They both looked expectant, now, so I said, “Yes.”

“What happened to you?” Marian asked. I flinched at the rise in her voice and caught the table to stay in my seat. “You’re not…” She turned to the officer. “Are you sure that’s even him?”

“It’ll be another day or so before the DNA results come back,” the officer told her, “but yes, we believe so.”

I had seen what I used to look like, and how I looked now, painfully thin, my hair grown long. Most of all, I suspected, it was the lack of life they saw. Even my photograph had looked more alive than I did, its eyes alert and watching where mine seemed fish-dull and blank.

Simone touched Marian’s hand, obviously reassuring, and then turned to me. “This must be as strange for you as it is for us.”

I thought about it. “They tell me it’s been three years since I last breathed air,” I said, and somehow that surprised a laugh out of her.

“All right, you win,” she said, smiling at me. “It’s got to be a lot weirder for you.”

When our families finally left us to regroup, we were all shaken. Marian had vibrated with relief and frustration, exhausting to be around. One of us, the silver-haired woman—her name might have been Claire—had settled on the narrow lobby couch with a hand on another of our shoulders. Daniel—David? —trembled under her grasp. He was younger than the rest of us, I thought, and his father had come to see him. I thought they must have looked alike, once, David and his father, before the sea.

I sat beside Claire as we waited for the fourth of us to return. She set a hand on my shoulder, gently, as she had on David’s, but removed it when I twisted away. A door across the room opened, and the last of us came out, Padma, from a meeting with almost a dozen relatives and a young man who stood apart and watched her family with blank eyes.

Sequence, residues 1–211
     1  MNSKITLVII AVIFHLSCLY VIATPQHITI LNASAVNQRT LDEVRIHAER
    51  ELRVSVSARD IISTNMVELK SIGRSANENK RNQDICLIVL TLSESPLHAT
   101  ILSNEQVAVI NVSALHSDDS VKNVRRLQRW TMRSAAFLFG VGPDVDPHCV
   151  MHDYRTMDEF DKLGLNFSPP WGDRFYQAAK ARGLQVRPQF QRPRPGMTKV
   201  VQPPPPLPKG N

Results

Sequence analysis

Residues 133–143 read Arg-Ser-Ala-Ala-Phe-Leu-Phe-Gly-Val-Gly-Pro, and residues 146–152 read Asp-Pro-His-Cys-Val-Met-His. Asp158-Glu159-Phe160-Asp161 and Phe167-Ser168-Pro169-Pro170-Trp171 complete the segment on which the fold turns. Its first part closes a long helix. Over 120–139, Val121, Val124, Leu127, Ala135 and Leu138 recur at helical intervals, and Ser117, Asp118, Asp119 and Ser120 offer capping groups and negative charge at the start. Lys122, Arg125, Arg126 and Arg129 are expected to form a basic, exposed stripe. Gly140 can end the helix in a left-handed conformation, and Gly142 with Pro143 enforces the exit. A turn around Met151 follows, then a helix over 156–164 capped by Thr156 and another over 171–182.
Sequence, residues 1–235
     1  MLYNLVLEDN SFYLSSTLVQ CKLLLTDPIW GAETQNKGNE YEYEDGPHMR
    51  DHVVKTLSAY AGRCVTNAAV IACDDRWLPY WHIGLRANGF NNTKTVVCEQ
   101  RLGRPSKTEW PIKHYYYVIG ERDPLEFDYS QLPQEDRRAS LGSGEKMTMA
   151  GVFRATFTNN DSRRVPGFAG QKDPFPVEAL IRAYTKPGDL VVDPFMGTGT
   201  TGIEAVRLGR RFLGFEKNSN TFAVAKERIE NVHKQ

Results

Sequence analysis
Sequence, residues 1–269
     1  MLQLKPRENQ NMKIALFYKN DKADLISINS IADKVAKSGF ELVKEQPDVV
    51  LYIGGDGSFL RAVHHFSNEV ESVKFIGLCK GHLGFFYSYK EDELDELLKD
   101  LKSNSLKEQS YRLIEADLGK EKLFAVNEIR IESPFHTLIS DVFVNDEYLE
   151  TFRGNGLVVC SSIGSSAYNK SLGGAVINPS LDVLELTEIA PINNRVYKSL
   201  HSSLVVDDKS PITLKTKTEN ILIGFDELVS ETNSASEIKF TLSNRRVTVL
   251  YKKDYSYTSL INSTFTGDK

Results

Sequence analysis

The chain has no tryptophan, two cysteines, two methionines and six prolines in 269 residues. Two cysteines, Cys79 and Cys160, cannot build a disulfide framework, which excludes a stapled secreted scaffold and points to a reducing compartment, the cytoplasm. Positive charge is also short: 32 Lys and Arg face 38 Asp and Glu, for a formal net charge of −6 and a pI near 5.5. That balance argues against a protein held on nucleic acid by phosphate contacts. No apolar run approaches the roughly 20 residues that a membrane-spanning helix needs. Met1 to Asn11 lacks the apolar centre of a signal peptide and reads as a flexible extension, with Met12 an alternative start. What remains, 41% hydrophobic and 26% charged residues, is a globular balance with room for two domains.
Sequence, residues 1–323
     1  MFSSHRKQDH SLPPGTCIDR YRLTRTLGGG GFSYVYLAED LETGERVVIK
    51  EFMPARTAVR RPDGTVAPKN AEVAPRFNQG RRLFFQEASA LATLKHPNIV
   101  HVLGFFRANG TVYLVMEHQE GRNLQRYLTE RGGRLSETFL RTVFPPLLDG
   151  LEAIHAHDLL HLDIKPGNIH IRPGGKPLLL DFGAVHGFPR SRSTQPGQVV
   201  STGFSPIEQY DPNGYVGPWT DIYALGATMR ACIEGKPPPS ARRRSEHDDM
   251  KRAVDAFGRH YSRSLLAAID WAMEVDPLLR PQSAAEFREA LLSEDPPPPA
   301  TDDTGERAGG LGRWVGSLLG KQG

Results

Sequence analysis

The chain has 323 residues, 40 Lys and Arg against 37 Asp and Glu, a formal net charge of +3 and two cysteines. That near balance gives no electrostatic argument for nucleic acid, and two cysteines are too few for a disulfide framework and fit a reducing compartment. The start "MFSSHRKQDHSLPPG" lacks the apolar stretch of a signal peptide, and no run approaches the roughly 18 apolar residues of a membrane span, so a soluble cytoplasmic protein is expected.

She sat on the lounge chair next to us and watched them go, then murmured, “Our parents were hoping we would get engaged.” She nodded toward the young man. “That’s what they tell me.” She didn’t seem happy or sad. She added, in a reluctant, baffled voice, “I had thought… I thought I liked…”

I looked up at her, saw remembered fear in her distant gaze, and offered, “Women?” so she wouldn’t have to say it.

She shook her head—tilted it side to side, really—in lieu of answering. I decided, after a moment, that she probably meant yes.

A few days later, they sent us home, assuming if we had not been dragged back into the water yet, we were safe enough for now. No one said that if the merfolk came, the police would be helpless against them in any case. They had been taking one or two of us a year for as long as we could remember—and from other coastal towns—and no one knew exactly how they did it. Scientific missions here came back without data, their recordings static, their memories blurred. The few photographs that survived were as convincing as the Loch Ness monster to anyone who lived inland: enough to bring us plenty of tourists, but telling us nothing new. On land, mermaids seemed not to exist, beyond a few haunting notes when they sang, beautiful and inhuman as whale song.

Given that we were the first to return, no one knew quite what would happen to us—whether we would survive on land, whether we would return to the sea. With nothing more the police could do, our families made arrangements to bring us together again at the end of two weeks, as a sort of support group. They traded words and pieces of paper, and then the officers drove us home.

The trip to the house was brutal, cramped in hard bucket seats in the back of a police car. David sat beside me, anxious and strained, hands curled helplessly in his lap. We huddled closer together when we reached his house until his father came to draw him from the car. We would see each other soon, but it still felt like being torn from my last mooring. The rest of the ride was a blur, alone and dislocated without the others.

Marian and Simone showed me their home—I couldn’t tell whether we had been so estranged that I had never been there before, or if this was only another thing I had forgotten. It had wooden floors and warm colors on the walls, welcoming and unfamiliar after the sea and the station. They had made up the guestroom, and though neither of them seemed especially happy to see me, there was no mention of my being left to live on my own. If there had been any hesitation, it vanished, I thought, when they saw the way I touched the oven with hesitating fingers, only half-remembering how it worked.